08 Jun Legislative Update
By David Sneed
CCANC Executive Director
Both chambers of the NC General Assembly have recessed for the week so I thought it would be a good time to update everyone on pending legislation with the potential to impact our coastal fishing resources. On Thursday, the Senate passed a flurry of bills before they recessed for the weekend, including a Veto Override of S99, the Appropriations Act of 2018.
The Senate will reconvene on Monday at 1:30 PM and the House Monday at 7:00 PM. The House will take up the S99 veto override during its Tuesday session, so the legislature is not expected to be in session for much longer than about two more weeks. Republican leadership has long expressed their desire to complete this short session as quickly as possible so candidates can return home to begin campaigning for the November elections.
House Bill 361, Support Shellfish Industry, was fast-tracked through the Senate this week first with a favorable report from the Senate Agriculture, Environment, and Natural Resources Committee on Wednesday, then a quick favorable report from the Senate Finance Committee on Thursday, before finally passing three readings on the Senate floor on Thursday afternoon.
The bill is now referred to the House for concurrence and is on the House calendar for Monday’s session. This “Oyster Bill” is championed by Sen. Bill Cook in an effort to help grow our state’s oyster mariculture industry. Sen. Cook envisions a North Carolina industry that is the “Napa Valley of Oysters”.
CCA NC has long supported seafood aquaculture, and particularly oyster mariculture, as an opportunity for North Carolina fishermen to have more long-term, sustainable fishing futures. We do, however, have several concerns with this bill in its current form beginning with the proposal to increase the maximum amount of leases one person, business or family can hold from 50 acres to 300 acres with no individual lease being more than 50 acres. This will have a substantial impact on the public’s access to public trust resource waters.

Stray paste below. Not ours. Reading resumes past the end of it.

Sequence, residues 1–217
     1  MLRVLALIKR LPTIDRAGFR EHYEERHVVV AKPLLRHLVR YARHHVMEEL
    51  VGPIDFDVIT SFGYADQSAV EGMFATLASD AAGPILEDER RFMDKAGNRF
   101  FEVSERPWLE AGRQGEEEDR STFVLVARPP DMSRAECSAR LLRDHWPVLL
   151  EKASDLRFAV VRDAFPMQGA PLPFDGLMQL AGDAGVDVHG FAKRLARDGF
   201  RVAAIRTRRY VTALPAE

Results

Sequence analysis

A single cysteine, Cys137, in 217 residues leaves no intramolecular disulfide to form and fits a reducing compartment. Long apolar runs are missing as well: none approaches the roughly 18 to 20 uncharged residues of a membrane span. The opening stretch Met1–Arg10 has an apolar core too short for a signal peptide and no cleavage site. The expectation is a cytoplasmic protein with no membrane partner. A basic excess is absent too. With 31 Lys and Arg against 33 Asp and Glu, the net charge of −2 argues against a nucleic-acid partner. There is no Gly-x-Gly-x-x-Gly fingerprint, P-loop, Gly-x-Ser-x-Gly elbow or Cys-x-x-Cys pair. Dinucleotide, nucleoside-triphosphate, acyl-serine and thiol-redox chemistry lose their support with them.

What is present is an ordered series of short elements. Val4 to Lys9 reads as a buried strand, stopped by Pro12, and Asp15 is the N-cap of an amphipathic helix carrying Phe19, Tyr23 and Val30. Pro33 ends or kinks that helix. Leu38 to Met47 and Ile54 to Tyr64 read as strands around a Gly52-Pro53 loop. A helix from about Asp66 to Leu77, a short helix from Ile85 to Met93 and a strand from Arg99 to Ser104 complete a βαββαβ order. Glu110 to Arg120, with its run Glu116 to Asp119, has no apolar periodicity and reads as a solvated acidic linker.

The commercial fishing industry also appears to be split in their support of this legislation also citing concerns with the potential loss of access to traditional fishing grounds. While this bill speaks directly to bottom leases there is little doubt that those bottom leases will lead to water column leases which will create even more boating, fishing and hunting access conflicts when you add floating oyster bags and cages into the equation. The bill does include a moratorium on new shellfish leases in the New Hanover County area and Bogue Sound to avoid user conflicts in these more heavily populated areas.
The bill also offers no quid pro quo discussion of removing destructive gear from the oyster industry, like mechanical oyster dredges, in exchange for giving up access to our public trust resources. There is also very limited protection for the state when a leaseholder terminates a lease and fails to remove all abandoned markers and gear.
The bill does offer some good ideas including the development of Shellfish Aquaculture Enterprise Areas, “an area designated and permitted by the Department that is subdivided into parcels and made available for shellfish aquaculture leasing”. Identifying and designating certain areas for locating shellfish leases would be a good first step in helping the Division streamline the lease application process. The bill would also create an administrative remedy for shellfish lease appeals by creating a three-member Shellfish Cultivation Lease Review Committee to hear appeals of decisions on lease applications.